What Is an ISA?

The what, why and how of Individual Savings Accounts

Alanna Petroff 11 March, 2013 | 6:00AM
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This article is part of the special series, Investing with ISAs.

What Is an ISA?
An ISA is an individual savings account. British residents use ISAs to avoid paying tax on money held within these accounts. You can hold cash, shares, funds, investment trusts, ETFs and/or bonds in an ISA.

The main benefit of having an ISA is that your money is more or less immune from taxes. You avoid paying income tax on interest and dividends, and you avoid paying capital gains tax on portfolio gains.* ISAs were created by the government in 1999 to promote a savings culture in the UK.

There are two kinds of ISAs: a cash ISA and a stocks and shares ISA. A cash ISA will, predictably, hold cash. Cash ISAs available for investors generally offer a set interest rate, so you know that, for example, if you put £1,000 in a cash ISA offering a 3% interest at the beginning of the financial year, this will have increased to £1,030 at the end of the year.

Meanwhile, a stocks and shares ISA is designed to hold stocks and shares, as well as bonds and other kinds of investments. Returns within this kind of ISA will be more unpredictable and risky over the short term, but give investors the opportunity to receive higher returns.

The maximum that you can put into an ISA for the 2012-2013 tax year is £11,280. In the 2013-2014 year, you can put in up to £11,520. (Each tax year runs from April 6th until April 5th of the following calendar year.)

A key thing to remember is that an ISA is just a tax-efficient wrapper, you still need to make choices about how you manage your money inside that wrapper.

(*Note, that ISAs are not completely tax immune. Dividends generated from equity, both inside and outside an ISA, will automatically have a 10% tax skimmed off the top by the government. If you're a higher rate taxpayer you would normally pay tax on dividend income at 32.5% or 42.5%, but inside an ISA you only have to pay 10%. This 10% tax only applies to equity dividends. It does not apply to income paid by corporate bonds or gilts within ISAs.)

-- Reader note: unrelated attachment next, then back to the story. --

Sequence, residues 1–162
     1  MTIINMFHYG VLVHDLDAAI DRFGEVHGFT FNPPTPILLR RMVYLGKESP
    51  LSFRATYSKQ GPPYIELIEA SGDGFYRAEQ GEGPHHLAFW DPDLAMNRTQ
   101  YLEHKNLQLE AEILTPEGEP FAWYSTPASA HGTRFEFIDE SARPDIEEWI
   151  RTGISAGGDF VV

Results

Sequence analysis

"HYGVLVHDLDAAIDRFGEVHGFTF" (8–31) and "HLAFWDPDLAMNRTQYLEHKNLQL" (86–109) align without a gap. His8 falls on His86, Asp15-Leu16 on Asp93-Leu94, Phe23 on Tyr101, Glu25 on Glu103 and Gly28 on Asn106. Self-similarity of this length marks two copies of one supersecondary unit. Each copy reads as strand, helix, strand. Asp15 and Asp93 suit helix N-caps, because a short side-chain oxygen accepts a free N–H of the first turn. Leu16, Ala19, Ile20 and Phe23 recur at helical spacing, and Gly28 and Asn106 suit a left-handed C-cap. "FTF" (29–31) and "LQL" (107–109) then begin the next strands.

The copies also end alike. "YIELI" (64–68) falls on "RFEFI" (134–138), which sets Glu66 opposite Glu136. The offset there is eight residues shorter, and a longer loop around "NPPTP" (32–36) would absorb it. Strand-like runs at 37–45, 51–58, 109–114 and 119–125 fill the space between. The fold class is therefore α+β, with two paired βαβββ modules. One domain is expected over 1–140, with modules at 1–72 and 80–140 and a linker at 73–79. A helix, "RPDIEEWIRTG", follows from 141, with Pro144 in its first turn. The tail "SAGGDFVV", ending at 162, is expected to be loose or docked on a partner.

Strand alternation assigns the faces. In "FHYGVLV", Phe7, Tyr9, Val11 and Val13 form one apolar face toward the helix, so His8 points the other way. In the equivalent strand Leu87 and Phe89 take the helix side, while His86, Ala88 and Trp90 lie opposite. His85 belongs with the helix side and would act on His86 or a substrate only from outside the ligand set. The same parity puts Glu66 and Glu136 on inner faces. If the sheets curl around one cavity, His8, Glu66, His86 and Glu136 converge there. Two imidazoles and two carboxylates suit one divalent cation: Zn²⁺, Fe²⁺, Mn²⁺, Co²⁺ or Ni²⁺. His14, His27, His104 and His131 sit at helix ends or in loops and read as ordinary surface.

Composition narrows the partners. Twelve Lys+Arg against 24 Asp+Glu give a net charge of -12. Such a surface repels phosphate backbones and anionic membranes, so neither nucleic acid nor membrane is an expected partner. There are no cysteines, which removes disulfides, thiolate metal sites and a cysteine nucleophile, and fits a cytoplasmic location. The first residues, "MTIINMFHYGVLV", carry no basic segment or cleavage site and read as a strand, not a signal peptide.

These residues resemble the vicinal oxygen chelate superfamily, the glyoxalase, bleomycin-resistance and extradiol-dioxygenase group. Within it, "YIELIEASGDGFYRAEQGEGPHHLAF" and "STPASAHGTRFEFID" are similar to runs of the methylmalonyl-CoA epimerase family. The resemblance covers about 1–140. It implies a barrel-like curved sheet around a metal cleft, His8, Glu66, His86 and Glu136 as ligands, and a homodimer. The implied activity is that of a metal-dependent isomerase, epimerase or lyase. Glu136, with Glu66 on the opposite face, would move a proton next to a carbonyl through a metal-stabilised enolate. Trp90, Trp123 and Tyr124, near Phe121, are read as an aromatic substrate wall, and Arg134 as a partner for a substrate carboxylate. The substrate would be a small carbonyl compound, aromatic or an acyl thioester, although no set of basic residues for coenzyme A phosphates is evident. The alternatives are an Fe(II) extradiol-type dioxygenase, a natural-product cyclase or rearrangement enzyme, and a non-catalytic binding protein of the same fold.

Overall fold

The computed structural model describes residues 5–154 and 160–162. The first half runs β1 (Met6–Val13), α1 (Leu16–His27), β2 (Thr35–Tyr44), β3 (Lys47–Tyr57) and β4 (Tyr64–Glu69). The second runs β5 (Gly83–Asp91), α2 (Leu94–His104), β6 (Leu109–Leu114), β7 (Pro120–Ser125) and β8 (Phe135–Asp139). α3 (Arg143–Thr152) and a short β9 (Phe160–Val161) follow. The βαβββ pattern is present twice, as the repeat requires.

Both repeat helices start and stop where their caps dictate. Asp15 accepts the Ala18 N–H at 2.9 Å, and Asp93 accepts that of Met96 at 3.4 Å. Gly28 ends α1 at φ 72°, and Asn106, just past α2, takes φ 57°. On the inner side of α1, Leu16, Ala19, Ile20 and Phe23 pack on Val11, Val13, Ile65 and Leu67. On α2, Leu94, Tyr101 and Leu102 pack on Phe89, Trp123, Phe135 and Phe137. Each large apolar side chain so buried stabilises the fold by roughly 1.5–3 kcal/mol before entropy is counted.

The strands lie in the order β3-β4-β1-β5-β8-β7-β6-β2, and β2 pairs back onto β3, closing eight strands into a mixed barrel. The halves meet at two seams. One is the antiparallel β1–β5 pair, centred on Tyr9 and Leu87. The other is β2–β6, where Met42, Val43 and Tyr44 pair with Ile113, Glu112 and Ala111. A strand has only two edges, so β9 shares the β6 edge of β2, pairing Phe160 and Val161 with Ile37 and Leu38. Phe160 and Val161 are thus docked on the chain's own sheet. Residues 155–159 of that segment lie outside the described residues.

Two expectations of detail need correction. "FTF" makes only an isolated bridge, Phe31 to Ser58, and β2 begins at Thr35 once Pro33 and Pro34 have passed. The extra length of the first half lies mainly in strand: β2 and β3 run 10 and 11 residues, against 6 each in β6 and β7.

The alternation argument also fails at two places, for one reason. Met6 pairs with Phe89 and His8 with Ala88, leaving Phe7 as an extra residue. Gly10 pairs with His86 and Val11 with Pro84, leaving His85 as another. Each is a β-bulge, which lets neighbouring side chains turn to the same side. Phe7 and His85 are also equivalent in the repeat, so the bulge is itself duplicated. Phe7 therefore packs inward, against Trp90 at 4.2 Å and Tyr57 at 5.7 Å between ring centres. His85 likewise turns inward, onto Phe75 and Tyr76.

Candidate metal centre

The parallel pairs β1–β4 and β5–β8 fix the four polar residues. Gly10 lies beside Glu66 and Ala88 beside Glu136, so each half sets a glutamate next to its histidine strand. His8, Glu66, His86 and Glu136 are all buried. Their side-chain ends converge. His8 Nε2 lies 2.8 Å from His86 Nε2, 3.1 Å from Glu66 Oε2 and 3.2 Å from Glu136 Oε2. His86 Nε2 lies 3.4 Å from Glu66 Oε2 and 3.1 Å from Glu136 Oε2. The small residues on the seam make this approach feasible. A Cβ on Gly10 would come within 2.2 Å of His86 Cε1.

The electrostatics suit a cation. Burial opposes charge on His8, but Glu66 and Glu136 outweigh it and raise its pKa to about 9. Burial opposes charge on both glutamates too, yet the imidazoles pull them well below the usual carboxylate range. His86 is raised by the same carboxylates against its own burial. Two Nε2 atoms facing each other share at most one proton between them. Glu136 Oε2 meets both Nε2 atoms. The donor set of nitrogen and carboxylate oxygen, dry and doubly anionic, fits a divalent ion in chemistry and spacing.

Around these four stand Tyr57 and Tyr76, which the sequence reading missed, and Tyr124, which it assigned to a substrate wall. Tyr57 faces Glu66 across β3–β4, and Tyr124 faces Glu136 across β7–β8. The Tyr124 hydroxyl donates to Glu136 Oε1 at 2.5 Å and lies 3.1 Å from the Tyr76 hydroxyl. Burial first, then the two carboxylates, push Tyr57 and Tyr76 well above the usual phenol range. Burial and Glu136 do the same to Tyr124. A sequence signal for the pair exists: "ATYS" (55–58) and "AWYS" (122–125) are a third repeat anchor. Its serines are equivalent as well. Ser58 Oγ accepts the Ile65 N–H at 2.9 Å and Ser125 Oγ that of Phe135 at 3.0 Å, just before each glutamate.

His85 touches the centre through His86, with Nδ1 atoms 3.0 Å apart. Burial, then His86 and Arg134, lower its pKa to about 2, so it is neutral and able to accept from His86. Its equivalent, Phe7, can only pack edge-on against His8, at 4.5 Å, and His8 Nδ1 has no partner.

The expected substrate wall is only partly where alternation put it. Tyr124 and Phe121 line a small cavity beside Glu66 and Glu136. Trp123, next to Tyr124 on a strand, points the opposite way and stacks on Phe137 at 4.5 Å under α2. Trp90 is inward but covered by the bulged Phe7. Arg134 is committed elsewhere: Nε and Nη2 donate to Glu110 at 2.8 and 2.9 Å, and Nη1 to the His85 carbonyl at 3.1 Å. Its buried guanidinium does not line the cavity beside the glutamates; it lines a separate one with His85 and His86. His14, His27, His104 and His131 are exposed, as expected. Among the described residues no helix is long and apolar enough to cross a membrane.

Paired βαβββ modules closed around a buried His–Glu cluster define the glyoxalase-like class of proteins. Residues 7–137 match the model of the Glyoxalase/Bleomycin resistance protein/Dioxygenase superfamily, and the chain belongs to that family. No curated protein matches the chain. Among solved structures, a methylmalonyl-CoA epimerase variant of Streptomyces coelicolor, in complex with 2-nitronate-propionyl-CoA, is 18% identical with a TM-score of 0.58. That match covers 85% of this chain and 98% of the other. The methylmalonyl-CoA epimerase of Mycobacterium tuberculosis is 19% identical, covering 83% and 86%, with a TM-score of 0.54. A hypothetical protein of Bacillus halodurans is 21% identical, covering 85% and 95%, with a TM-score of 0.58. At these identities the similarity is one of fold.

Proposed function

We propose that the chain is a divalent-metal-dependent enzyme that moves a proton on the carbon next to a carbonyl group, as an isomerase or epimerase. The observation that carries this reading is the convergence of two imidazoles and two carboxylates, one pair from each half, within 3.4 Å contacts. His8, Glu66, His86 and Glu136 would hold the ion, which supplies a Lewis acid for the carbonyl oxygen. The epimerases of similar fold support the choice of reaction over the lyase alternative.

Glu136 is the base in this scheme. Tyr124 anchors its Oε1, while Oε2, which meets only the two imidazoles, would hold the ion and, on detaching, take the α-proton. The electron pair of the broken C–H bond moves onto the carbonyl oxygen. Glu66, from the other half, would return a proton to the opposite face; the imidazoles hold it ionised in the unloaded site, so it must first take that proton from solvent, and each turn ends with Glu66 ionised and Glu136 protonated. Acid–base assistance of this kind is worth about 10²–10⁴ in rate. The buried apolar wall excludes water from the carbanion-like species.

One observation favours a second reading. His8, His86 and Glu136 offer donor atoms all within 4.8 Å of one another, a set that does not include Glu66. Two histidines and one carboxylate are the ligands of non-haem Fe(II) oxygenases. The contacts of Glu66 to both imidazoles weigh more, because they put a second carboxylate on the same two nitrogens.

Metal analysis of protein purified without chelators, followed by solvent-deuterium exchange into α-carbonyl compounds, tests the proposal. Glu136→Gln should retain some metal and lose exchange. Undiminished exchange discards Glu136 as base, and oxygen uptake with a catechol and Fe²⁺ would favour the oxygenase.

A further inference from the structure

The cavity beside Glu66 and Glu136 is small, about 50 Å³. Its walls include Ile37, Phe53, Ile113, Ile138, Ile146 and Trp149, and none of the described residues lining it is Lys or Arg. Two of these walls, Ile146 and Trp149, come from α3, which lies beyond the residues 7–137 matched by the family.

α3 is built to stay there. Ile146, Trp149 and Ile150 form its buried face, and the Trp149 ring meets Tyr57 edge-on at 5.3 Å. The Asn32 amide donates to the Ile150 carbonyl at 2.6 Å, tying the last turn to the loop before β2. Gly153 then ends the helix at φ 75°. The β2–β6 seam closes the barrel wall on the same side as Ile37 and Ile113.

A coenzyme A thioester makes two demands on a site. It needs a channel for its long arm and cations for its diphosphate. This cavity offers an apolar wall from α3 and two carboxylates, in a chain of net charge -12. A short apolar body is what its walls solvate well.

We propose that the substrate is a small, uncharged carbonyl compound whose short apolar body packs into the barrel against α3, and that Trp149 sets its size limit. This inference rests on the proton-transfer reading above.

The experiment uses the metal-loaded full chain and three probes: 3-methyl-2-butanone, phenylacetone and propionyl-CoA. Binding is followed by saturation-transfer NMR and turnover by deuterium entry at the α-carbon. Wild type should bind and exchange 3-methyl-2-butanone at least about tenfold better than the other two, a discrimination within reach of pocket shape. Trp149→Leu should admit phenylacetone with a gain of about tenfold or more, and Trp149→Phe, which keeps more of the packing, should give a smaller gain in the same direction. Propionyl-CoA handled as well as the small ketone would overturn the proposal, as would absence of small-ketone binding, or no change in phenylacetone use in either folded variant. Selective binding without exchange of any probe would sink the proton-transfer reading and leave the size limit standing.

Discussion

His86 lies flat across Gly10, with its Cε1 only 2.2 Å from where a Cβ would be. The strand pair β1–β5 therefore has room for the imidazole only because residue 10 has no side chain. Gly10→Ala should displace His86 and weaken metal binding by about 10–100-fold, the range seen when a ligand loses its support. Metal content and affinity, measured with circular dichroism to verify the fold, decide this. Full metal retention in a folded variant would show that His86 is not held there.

Who Can Invest in an ISA?
UK residents can invest in ISAs. UK citizens living abroad can continue to hold and receive tax relief on existing ISAs but cannot make new investments whilst living abroad. Crown employees who are serving overseas are an exception to this rule: they and their spouses may continue investing in their ISAs as per usual.

Why Should I Have an ISA?
If you are saving for a specific near-term goal, such as a new car or deposit to buy a house, cash ISAs are a helpful tax-efficient savings tool that ensure you can make a bit of money each year to pay for what you want. Even if you’re only putting a small amount into a cash ISA, the rates you receive within an ISA will likely be much better than any rates you would receive outside an ISA.

For longer-term goals, such as saving for retirement, you could invest in stocks and bonds. This is riskier, because you could lose some money in the short-term if your investments do not perform well. However, in the long term, this option gives you the potential to make higher returns than cash. The longer your time horizon, the more risk you can afford to take, which is why someone in their thirties planning to retire at 68 might want to create an investment portfolio that is heavily weighted towards equities.

Yvonne Goodwin, managing director and independent financial advisor at Yvonne Goodwin Wealth Management, currently helps one couple manage an ISA portfolio of £520,000 that is generating roughly £28,000 in tax-free income every year. They don’t have to declare this income at all because it’s generated inside an ISA, says Goodwin. This proves that a disciplined approach to ISA investing can—literally—pay huge dividends in the future. (Note: Income within an ISA can either be reinvested, or funnelled straight into a personal account for immediate use.)

The information contained within is for educational and informational purposes ONLY. It is not intended nor should it be considered an invitation or inducement to buy or sell a security or securities noted within nor should it be viewed as a communication intended to persuade or incite you to buy or sell security or securities noted within. Any commentary provided is the opinion of the author and should not be considered a personalised recommendation. The information contained within should not be a person's sole basis for making an investment decision. Please contact your financial professional before making an investment decision.

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About Author

Alanna Petroff

Alanna Petroff  is a financial journalist with Morningstar UK.

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